Police Reservists Bring the War Home


The wars in Iraq and Afghanistan have taken an unprecedented number of National Guard reservists and put them into active combat overseas. Many of those reservists were police officers before they were deployed. Now that some of them are finally coming home, they are have a difficult time making the transition from street combat to beat patrols in their old jobs, reports USA Today.

In March, for instance, an Austin, Texas police officer who had recently returned from Iraq fired his gun into the parking lot of a crowded shopping center while chasing an unarmed suspect. A bullet from his gun hit a parked van, narrowly missing two children who were sitting inside. The officer was reportedly suffering from post-traumatic stress disorder that had gone undiagnosed.

The Austin episode was one of a string of close calls police departments have observed among officers recently returning from Iraq. A few big-city police departments are creating “re-entry” programs for returned vets to help prevent such incidents in the future, but most aren’t, meaning that some of the cops coming back from the Middle East may be ticking time-bombs. So much for the Iraq war making Americans safer at home…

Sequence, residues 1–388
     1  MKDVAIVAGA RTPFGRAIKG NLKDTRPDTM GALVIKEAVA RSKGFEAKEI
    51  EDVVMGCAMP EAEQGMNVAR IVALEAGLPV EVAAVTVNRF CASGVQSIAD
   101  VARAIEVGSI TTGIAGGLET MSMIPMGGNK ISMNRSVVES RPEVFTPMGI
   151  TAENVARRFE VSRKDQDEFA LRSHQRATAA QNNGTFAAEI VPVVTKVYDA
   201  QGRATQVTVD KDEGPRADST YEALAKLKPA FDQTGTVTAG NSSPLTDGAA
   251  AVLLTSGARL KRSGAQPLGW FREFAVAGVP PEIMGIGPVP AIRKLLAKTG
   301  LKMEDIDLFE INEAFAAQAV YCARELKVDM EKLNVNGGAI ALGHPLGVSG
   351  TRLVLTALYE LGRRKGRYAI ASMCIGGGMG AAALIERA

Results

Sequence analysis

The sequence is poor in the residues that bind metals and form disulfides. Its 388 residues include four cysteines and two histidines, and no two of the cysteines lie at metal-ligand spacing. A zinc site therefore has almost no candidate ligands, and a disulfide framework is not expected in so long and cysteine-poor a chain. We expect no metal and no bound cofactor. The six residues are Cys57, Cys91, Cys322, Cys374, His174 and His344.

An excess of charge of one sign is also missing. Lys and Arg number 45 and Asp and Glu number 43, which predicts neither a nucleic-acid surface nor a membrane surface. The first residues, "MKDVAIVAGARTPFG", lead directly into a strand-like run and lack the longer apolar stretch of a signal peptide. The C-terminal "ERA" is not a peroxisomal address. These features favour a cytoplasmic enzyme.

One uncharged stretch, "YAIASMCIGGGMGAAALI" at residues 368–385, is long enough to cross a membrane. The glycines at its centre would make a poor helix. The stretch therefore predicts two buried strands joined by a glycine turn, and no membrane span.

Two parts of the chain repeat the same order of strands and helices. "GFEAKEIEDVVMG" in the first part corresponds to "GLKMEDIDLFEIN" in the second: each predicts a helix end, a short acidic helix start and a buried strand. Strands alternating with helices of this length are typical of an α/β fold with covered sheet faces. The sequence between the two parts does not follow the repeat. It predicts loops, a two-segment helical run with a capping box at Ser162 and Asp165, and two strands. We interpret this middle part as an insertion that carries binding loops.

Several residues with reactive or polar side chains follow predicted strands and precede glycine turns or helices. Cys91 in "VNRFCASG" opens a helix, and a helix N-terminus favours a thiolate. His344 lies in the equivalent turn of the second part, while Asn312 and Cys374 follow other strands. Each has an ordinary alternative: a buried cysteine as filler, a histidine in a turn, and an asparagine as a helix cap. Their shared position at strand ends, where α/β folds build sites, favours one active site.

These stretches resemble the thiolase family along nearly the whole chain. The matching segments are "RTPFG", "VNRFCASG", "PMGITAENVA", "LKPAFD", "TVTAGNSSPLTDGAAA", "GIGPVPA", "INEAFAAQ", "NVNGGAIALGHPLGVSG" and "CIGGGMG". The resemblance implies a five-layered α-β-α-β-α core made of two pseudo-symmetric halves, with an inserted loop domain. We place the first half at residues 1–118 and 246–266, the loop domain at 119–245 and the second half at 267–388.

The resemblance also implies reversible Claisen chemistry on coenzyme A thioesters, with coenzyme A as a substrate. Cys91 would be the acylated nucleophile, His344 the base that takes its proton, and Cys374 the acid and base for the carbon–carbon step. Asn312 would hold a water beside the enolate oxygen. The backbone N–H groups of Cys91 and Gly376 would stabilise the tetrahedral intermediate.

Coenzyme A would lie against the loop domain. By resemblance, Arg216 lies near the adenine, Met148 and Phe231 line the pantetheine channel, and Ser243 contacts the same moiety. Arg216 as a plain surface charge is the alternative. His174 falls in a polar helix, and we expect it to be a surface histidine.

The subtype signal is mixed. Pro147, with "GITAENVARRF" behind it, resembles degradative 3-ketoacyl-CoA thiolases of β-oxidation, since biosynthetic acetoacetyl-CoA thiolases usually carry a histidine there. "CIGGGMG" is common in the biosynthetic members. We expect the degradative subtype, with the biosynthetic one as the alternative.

FACT:

Mother Jones was founded as a nonprofit in 1976 because we knew corporations and the wealthy wouldn't fund the type of hard-hitting journalism we set out to do.

Today, reader support makes up about two-thirds of our budget, allows us to dig deep on stories that matter, and lets us keep our reporting free for everyone. If you value what you get from Mother Jones, please join us with a tax-deductible donation today so we can keep on doing the type of journalism 2019 demands.

We Recommend

Latest

Sign up for our newsletters

Subscribe and we'll send Mother Jones straight to your inbox.

Get our award-winning magazine

Save big on a full year of investigations, ideas, and insights.

Subscribe

Support our journalism

Help Mother Jones' reporters dig deep with a tax-deductible donation.

Donate